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Proposed California Bill Aims to Ban Cigarette Butts

The new law would impose a heavy fine for selling or giving away filtered cigarettes in the Golden State.



By Shawn Dwyer


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Assembly Bill 1504, which was introduced two weeks ago by Monterey Assembly Member Mark Stone, would make it illegal for a person or store from selling or in any way distributing filtered cigarettes designed to be discarded after a single use. The fine proposed would be $500 for each violation.

"Cigarette filters leach dangerous chemicals into the environment, kill animals that eat them, and cause communities to spend millions of taxpayer dollars for clean-up," said Stone in a press release. "California has many laws in place to curtail cigarette litter, but people continue to illegally discard tons of cigarette butts each year. The current laws aren't sufficient to address this major problem."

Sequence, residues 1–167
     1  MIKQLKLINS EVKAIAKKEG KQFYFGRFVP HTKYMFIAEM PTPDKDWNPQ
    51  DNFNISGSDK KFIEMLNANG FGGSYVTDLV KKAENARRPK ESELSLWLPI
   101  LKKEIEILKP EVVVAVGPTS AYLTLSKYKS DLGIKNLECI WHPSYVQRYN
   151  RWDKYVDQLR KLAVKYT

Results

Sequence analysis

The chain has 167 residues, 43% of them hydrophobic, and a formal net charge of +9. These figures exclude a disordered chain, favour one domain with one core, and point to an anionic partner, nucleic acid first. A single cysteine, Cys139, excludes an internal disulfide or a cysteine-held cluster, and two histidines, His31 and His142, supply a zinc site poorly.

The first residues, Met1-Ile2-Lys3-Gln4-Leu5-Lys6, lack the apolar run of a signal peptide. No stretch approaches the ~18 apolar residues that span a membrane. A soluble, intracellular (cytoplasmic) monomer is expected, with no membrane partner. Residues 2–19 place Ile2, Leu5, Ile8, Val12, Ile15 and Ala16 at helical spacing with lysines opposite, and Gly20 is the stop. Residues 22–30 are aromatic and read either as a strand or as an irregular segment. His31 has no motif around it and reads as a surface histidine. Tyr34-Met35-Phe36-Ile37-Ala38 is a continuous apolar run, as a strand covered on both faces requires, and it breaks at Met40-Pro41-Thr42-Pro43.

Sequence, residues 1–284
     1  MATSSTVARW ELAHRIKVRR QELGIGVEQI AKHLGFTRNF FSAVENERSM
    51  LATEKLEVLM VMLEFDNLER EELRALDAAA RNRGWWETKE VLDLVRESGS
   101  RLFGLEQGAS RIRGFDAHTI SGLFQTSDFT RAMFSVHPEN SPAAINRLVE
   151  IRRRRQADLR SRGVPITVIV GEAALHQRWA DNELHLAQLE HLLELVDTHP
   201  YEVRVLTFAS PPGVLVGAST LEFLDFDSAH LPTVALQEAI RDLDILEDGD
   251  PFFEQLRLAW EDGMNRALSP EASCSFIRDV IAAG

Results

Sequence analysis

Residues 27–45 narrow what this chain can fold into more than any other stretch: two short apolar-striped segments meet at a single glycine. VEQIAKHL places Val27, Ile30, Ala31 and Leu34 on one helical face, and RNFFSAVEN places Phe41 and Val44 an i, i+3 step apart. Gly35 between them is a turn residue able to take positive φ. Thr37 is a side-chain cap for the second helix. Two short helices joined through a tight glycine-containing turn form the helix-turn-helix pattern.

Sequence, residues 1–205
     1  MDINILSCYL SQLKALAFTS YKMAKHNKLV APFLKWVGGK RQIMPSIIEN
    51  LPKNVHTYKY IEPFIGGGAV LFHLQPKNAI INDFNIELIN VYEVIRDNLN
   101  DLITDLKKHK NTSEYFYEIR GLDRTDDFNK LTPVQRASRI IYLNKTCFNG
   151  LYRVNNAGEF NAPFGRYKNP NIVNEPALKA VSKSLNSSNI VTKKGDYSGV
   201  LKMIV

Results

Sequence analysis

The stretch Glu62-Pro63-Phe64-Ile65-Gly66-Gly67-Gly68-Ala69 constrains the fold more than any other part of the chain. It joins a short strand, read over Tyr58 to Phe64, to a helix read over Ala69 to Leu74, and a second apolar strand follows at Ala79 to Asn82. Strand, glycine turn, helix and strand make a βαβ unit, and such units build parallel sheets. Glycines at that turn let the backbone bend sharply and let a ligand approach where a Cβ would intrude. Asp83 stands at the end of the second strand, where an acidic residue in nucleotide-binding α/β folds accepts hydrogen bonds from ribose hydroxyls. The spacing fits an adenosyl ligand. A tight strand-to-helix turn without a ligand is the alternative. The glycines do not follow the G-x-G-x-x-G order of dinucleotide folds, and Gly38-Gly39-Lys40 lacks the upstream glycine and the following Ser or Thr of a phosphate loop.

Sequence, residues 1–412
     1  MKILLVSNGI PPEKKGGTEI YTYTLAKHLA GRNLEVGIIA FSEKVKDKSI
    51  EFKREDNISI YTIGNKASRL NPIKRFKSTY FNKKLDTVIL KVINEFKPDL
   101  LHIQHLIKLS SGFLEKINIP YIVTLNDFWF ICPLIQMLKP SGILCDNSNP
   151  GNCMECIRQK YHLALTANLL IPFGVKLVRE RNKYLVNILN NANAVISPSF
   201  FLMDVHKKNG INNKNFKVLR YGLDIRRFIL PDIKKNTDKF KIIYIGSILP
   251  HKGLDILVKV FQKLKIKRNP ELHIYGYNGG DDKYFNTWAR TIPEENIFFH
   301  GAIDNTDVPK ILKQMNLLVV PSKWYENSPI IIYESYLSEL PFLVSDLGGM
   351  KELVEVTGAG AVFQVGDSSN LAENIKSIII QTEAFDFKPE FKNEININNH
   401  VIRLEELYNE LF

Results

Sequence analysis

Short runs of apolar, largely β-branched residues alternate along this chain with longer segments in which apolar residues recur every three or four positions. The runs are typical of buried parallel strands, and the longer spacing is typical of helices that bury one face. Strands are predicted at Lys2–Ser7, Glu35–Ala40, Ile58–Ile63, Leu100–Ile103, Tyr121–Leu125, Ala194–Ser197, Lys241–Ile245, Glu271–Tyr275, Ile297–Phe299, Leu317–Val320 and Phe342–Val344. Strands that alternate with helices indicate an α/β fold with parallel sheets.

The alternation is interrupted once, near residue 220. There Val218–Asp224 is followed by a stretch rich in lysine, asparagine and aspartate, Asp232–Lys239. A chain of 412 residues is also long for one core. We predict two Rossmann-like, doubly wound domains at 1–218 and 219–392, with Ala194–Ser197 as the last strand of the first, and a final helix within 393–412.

Former Assistant Surgeon General Dr. Thomas Novotny, now CEO of the Cigarette Butt Pollution Project, applauded the move. "Cigarette butts are the most commonly collected waste item in the world, and with this legislation, California can show how the volume of this waste and its impact on the environment can be substantially reduced," he said.

Naturally, the cigarette manufacturers disapproved of the bill. David Sutton, a spokesperson for leading cigarette manufacturer Philip Morris USA, pointed to a 2009 federal law that allows only the U.S. Food and Drug Administration to set standards for the manufacturing, distribution, and marketing of tobacco products. "Simply put, by banning filters, the bill is attempting to change a significant component of a tobacco product that Congress has determined only the FDA has the authority to regulate," Sutton said.

It is estimated that around 845,000 tons of cigarette butts are discarded improperly worldwide every year, with approximately three billion tossed around the San Francisco Bay Area alone. Cigarette clean up costs the state $41 million annually.

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